(Last Updated On: April 8, 2016)
Is a will that hasn't been signed or dated properly invalid?
The easy bit first: a will does not have to be dated to be valid. In Australia, none of the Acts governing the requirements for a valid will require it to be dated. It is, of course, a very good idea to date a will, not least because a dispute may otherwise arise (if there is more than one will) as to which one was made last.
The requirements for a valid will are (in all states and territories of Australia) that the will be signed by the will maker in the presence of two witnesses (some Acts require both the witnesses and the will maker to all be present at the same time, but others permit the second witness to sign later). Again, as a matter of practice, it is a good idea that everyone is present at the same time as this safeguards against allegations of impropriety.
Very often, wills are not signed properly: sometimes there is only one witness and sometimes none. Occasionally, wills get signed by the wrong person (the husband signs the wife's will by mistake, the wife the husband's will by mistake). In all of these situations, wills have nevertheless been upheld as valid.
In each State and Territory, legislation exists that permits otherwise invalid wills to be admitted to probate. These provisions are generally referred to as ‘dispensing powers' (that is, they dispense with the usual formal legal requirements required to make a will).
In Western Australia Section 32 (2) of the Wills Act relevantly provides that: a document may be admitted to probate, if it is:
A document purporting to embody the testamentary intentions of a deceased person, even though it has not been executed in the manner required by (the Wills Act)… if the Supreme Court is satisfied that the person intended the document to constitute the person's will.. “
The courts have interpreted this to mean:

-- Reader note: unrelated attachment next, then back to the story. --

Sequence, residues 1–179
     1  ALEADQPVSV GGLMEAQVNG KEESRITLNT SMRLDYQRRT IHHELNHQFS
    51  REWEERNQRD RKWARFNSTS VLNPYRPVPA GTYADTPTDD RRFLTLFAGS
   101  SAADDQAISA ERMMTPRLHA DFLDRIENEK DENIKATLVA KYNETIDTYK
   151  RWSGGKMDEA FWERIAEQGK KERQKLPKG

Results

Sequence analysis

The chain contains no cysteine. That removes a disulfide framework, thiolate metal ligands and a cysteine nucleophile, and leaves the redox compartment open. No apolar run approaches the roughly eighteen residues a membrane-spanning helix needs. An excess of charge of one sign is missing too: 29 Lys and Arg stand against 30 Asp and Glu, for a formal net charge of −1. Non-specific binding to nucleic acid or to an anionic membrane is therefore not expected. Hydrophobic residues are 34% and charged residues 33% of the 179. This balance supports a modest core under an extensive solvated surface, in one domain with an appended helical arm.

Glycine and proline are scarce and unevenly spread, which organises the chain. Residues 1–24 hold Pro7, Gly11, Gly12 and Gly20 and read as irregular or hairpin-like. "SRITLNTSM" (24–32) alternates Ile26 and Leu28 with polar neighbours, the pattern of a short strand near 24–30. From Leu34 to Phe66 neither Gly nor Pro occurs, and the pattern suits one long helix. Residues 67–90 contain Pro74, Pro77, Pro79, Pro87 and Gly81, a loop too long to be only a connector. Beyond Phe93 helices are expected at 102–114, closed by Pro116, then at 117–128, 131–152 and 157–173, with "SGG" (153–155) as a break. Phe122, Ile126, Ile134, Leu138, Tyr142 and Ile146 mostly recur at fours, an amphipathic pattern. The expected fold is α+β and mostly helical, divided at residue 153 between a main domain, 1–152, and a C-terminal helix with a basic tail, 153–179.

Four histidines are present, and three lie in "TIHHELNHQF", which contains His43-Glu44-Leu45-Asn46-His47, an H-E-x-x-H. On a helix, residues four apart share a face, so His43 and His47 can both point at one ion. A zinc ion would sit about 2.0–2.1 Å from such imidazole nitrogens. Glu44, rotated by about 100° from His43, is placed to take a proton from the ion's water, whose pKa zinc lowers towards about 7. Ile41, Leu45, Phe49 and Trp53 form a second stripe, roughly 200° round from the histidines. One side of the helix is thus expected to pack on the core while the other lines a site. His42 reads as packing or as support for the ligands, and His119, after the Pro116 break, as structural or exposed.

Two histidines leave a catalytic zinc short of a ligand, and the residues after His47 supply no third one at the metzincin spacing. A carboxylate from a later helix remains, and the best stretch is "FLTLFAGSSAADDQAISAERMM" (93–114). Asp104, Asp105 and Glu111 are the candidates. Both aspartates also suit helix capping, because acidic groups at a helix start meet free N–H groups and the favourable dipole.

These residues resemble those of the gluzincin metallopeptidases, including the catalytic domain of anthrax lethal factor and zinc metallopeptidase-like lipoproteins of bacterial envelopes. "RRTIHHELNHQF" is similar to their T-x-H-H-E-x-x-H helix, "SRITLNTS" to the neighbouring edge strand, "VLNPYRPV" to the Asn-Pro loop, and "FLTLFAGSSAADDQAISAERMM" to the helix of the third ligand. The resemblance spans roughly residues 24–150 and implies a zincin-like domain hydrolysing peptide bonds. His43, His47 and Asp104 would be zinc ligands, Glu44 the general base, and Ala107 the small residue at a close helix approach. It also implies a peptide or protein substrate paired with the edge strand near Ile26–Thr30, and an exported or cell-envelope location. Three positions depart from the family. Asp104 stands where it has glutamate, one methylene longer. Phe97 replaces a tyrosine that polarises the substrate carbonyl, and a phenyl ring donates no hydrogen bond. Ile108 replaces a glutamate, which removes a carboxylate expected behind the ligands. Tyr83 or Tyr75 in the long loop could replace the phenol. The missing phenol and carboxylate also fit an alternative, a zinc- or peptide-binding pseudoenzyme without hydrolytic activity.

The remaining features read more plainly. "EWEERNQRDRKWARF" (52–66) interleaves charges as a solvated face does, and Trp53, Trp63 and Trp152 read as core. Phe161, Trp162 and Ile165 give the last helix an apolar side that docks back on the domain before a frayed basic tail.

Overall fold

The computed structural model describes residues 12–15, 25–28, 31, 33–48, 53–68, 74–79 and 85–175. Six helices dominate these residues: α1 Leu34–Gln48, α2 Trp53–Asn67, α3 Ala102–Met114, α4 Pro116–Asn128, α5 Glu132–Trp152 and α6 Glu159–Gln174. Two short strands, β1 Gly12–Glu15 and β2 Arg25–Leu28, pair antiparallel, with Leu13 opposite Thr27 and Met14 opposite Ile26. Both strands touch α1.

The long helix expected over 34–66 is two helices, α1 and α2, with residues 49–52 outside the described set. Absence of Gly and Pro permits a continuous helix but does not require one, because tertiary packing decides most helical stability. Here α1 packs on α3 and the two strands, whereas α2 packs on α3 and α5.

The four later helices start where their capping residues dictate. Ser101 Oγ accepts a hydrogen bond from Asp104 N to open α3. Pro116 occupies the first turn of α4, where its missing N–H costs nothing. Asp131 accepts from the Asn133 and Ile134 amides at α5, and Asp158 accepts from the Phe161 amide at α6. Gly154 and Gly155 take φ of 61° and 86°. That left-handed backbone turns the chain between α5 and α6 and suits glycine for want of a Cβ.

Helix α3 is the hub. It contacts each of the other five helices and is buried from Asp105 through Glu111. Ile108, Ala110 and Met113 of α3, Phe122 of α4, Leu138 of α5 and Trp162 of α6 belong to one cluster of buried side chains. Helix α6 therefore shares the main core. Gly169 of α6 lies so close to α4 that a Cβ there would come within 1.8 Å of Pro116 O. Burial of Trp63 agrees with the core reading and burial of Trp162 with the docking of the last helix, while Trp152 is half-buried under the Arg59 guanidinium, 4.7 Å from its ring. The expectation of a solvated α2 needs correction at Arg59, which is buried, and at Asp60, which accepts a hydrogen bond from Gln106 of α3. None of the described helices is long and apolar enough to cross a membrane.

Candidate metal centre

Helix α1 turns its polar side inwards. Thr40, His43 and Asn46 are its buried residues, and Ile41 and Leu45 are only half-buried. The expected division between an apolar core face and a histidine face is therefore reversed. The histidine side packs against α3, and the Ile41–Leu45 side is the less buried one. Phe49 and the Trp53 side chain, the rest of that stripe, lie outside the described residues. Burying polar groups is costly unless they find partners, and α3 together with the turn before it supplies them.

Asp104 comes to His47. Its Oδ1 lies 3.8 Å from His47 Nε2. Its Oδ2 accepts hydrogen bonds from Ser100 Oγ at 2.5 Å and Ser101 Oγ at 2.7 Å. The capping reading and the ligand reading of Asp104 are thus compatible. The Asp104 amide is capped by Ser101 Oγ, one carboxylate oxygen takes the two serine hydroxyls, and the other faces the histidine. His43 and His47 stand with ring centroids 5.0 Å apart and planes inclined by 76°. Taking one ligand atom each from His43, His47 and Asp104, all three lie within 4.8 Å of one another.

- There must be a document;
- The document must purport to embody the testamentary intentions of the Deceased;
- The court must be satisfied that, either, at the time of the document being brought into being, or, at some later time, the Deceased, by some act of words, demonstrated that it was his or her then intention that the document should, operate as her, or his, will.
Lawyers commonly refer to such documents as “informal wills”.
In every case it is a question of the intention of the person making the will: did the person making the document intend it to be his will? Sometimes the intention is readily inferred from the circumstances: for example, if a person buys a will kit (you know, the ones you get from the newsagency headed “Legal will” or similar), completes it, signs it and then tells someone (or sometimes ‘everyone') that they ‘have made a will', such a document is quite likely to be admitted to probate even though it is not witnessed by two witnesses (or even dated). However, as with most things in the law, ‘it all depends' on the circumstances- if the person had previously had a will prepared by a solicitor then it could be inferred that they knew that the will should be signed by two witnesses and a court may well be reluctant give probate of the ‘informal will' . Similarly, if the person was in the habit of telling people that “I've made a new will” (when they hadn't really) then the court would be reluctant to infer that the will was anything but a draft and was not intended to be a final will.
Common circumstances in which ‘informal wills' are made (and either are or are not admitted to probate) are:
Sadly, these arise quite often. Sometimes they are admitted to probate, sometimes they are not. It usually depends on the wording and whether or not there is a valid existing will (if there is a formal valid will, the suicide note is less likely to be admitted to probate).
Draft wills prepared by solicitors.
It sometimes arises that a person instructs a solicitor to prepare a will. The person sees the lawyer and the lawyer sends a draft (hopefully) only a few days later to the will maker with the request that they advise of any amendments and otherwise ‘come in and sign the will'. Fate intervenes and the will maker dies before the appointment to sign the will (or even having had the opportunity to make an appointment to sign).
If the will maker has acknowledged the correctness of the draft (for example, by ringing or telling the lawyer that ‘the draft is fine') then there is a good chance the will may be accepted into probate.
If the will maker never sees the draft (before death) then it is less likely that the document would be accepted into probate.
This means that there are cases where a document is accepted into probate even though it has not been signed by the will maker.